Eliminating leprosy in the Western Pacific
The goal of eliminating leprosy as a public health problem was set in 1991 by the World Health Assembly (WHA). Attaining a level of prevalence of less than one case per 10 000 population was reached at the regional level in 1991. Therefore, the challenge in the Western Pacific Region over the years has been how to sustain the gains of elimination and to ensure that leprosy services will be available and accessible for all people affected by leprosy at their nearest health facility. This is of utmost importance to attain leprosy elimination in those previously hyperendemic countries and for the remaining three countries—the Federated States of Micronesia, the Marshall Islands and Kiribati—that have not yet reached the elimination threshold.
Action Framework for Leprosy
The WHO Regional Office for the Western Pacific will pursue the implementation of the main principles of leprosy control in the Region, with a special focus in the three remaining Pacific island countries and areas. These are based on a timely detection of new cases, contact investigation and multiple drug therapy (MDT) treatment while ensuring good treatment compliance, prevention of disabilities and rehabilitation. Emphasis will remain on sustaining the provisions for equitably-distributed quality patient care which is affordable and easily accessible.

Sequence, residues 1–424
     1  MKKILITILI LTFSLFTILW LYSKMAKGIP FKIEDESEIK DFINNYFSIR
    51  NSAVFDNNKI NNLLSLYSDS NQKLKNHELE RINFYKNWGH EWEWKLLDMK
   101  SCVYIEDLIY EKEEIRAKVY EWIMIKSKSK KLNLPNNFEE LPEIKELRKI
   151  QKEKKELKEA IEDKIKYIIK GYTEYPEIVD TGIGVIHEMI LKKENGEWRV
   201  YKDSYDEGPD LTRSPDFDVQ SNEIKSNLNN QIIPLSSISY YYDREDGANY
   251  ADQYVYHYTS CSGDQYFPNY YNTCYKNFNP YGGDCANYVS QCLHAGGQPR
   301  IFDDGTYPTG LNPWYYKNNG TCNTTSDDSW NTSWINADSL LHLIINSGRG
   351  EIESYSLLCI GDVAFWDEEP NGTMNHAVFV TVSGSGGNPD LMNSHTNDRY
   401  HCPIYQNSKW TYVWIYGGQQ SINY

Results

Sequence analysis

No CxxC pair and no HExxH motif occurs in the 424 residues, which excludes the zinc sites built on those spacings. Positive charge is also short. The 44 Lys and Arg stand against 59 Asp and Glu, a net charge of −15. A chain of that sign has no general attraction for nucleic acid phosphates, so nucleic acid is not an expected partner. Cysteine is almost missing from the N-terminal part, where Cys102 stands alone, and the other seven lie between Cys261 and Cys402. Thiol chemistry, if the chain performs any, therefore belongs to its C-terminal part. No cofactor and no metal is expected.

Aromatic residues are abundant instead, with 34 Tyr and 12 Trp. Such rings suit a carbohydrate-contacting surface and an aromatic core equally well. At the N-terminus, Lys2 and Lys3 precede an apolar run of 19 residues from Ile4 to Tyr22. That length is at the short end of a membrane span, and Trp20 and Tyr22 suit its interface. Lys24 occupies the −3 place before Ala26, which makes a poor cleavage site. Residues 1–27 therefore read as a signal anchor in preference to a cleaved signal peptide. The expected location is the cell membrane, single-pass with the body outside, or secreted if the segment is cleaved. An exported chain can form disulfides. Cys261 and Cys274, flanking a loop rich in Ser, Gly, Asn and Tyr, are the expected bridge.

Currently, there are no new technological breakthroughs or developments that warrant any drastic changes to the current strategy for leprosy control. However, there is an urgent need to secure support and political commitment from Member States to hasten elimination efforts and activities in the three countries (the Federated States of Micronesia, the Marshall Islands and Kiribati) that still have to attain the elimination goal. This also applies to previously endemic countries and areas where new cases are reported continually. The implementation of the New Global Operational Guidelines need to be strengthened, leprosy activities sustained and the leprosy burden further reduced by focusing on integration, early case detection and MDT treatment.